1,301 research outputs found

### Quantifying entanglement in two-mode Gaussian states

Entangled two-mode Gaussian states are a key resource for quantum information
technologies such as teleportation, quantum cryptography and quantum
computation, so quantification of Gaussian entanglement is an important
problem. Entanglement of formation is unanimously considered a proper measure
of quantum correlations, but for arbitrary two-mode Gaussian states no
analytical form is currently known. In contrast, logarithmic negativity is a
measure straightforward to calculate and so has been adopted by most
researchers, even though it is a less faithful quantifier. In this work, we
derive an analytical lower bound for entanglement of formation of generic
two-mode Gaussian states, which becomes tight for symmetric states and for
states with balanced correlations. We define simple expressions for
entanglement of formation in physically relevant situations and use these to
illustrate the problematic behavior of logarithmic negativity, which can lead
to spurious conclusions.Comment: 8 pages,3 figs; The original submission gave an analytical formula
that was claimed to give the entanglement of formation for arbitrary two-mode
Gaussian states - this was incorrect. The formula gives a lower bound of EoF
which saturates for symmetric states and for states with balanced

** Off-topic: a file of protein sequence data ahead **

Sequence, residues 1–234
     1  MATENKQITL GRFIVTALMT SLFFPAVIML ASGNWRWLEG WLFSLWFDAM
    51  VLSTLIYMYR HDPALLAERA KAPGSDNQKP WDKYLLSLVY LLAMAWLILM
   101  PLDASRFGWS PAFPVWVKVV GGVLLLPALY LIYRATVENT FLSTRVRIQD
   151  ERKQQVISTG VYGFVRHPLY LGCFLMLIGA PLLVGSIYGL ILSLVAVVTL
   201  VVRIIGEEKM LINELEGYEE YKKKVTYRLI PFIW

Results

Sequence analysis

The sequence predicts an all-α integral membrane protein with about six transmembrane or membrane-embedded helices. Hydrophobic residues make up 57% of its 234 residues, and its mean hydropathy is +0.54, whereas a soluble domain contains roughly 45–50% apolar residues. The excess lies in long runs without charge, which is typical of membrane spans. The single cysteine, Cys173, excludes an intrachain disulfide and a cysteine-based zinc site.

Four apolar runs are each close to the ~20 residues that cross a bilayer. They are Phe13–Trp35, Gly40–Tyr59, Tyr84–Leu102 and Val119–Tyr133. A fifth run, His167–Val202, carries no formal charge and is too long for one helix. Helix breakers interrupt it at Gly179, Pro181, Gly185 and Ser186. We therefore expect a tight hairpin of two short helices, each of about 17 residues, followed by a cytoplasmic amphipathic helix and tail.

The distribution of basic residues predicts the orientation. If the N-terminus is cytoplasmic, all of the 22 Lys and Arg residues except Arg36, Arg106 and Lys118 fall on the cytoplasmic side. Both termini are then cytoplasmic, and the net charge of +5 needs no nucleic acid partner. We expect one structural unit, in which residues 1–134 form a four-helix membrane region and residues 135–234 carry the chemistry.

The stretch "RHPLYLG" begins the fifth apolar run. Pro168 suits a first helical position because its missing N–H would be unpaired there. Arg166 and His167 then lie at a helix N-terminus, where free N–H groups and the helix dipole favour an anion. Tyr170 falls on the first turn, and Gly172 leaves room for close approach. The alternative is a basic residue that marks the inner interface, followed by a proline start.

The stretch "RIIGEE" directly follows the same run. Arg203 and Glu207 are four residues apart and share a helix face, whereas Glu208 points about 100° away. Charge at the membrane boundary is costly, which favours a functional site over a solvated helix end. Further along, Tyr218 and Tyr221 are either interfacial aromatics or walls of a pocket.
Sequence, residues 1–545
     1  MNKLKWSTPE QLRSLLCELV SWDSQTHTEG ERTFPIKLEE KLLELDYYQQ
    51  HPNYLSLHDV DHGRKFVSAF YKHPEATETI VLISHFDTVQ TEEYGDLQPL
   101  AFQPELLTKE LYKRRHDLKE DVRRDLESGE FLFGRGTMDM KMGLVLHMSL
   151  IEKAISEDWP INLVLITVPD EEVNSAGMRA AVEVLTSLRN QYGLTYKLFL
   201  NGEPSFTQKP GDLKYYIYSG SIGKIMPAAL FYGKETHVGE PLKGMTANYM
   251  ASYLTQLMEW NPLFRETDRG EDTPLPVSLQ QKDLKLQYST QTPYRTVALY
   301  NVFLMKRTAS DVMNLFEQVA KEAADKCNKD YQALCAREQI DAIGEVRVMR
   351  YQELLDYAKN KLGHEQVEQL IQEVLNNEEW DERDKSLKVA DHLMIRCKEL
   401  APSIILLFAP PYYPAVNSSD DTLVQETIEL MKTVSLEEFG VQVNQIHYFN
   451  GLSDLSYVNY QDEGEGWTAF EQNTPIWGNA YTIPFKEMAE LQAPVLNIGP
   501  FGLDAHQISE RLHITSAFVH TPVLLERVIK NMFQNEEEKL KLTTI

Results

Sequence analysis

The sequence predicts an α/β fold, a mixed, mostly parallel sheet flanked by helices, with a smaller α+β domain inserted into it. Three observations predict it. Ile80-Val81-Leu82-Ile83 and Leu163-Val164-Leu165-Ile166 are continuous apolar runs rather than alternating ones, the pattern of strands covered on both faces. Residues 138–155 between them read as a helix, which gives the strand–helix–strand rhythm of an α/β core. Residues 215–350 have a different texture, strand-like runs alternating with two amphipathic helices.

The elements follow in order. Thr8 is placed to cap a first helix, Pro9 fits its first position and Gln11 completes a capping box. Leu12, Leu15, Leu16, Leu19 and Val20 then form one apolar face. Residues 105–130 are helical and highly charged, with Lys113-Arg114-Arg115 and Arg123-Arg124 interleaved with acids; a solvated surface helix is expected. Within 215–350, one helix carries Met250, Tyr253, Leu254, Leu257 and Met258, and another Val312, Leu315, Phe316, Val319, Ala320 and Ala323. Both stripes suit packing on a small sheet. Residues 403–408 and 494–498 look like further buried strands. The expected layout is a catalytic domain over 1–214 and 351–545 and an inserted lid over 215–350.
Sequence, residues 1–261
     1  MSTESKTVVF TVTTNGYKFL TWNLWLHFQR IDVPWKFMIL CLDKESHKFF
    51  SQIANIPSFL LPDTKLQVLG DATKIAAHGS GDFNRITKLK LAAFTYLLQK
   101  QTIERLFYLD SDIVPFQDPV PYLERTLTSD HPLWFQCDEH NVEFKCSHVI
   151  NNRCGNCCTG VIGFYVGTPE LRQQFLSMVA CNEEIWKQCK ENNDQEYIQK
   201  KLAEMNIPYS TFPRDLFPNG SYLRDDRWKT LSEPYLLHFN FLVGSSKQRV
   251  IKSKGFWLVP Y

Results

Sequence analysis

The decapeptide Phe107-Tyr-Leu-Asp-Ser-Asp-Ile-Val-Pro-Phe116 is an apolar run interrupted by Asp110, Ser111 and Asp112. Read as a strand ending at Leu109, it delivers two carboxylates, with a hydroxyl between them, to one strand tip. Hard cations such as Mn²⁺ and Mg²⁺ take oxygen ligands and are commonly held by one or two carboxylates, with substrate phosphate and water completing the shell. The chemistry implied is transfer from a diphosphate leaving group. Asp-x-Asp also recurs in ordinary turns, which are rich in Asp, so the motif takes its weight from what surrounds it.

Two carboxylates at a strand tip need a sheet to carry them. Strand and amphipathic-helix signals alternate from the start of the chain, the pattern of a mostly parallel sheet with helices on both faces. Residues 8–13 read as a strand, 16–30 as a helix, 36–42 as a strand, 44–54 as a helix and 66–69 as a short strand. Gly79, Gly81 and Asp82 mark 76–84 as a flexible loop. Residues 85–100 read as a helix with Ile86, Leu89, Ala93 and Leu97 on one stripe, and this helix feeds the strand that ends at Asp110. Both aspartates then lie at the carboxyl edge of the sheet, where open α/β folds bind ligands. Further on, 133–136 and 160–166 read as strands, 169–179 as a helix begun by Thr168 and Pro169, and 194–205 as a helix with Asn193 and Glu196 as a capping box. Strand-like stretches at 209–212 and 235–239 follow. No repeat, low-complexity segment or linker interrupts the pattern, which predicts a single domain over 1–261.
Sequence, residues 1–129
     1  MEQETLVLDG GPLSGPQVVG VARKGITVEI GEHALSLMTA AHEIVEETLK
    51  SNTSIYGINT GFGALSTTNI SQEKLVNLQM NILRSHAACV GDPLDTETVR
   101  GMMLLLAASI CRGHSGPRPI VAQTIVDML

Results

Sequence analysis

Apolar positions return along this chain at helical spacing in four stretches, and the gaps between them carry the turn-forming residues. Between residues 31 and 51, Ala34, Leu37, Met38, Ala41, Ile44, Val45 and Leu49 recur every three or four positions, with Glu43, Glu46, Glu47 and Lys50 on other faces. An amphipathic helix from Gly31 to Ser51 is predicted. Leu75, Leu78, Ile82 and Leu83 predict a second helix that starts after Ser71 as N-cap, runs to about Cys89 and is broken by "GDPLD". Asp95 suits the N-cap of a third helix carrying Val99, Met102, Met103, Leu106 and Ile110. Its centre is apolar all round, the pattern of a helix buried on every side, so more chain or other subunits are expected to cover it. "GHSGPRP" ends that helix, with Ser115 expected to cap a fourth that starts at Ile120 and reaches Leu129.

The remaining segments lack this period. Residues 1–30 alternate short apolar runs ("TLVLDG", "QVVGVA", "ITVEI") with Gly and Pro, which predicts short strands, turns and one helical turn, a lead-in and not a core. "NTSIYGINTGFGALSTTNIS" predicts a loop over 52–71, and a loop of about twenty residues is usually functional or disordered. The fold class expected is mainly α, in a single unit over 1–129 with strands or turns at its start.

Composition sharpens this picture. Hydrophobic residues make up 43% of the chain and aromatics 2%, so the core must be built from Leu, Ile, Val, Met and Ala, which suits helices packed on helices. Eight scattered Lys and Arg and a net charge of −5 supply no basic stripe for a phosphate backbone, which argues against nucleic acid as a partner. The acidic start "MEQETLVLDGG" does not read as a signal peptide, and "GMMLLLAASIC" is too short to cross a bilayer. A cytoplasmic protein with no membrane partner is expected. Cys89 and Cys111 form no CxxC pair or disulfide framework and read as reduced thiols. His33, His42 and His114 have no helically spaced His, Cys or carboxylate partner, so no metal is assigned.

correlations, and is a good approximation for most other states. This error
is corrected in the revised versio

### Frequency and temporal effects in linear optical quantum computing

Typically linear optical quantum computing (LOQC) models assume that all
input photons are completely indistinguishable. In practice there will
inevitably be non-idealities associated with the photons and the experimental
setup which will introduce a degree of distinguishability between photons. We
consider a non-deterministic optical controlled-NOT gate, a fundamental LOQC
gate, and examine the effect of temporal and spectral distinguishability on its
operation. We also consider the effect of utilizing non-ideal photon counters,
which have finite bandwidth and time response.Comment: 10 pages, 9 figures, replaced with published versio

### Estimating space-time parameters with a quantum probe in a lossy environment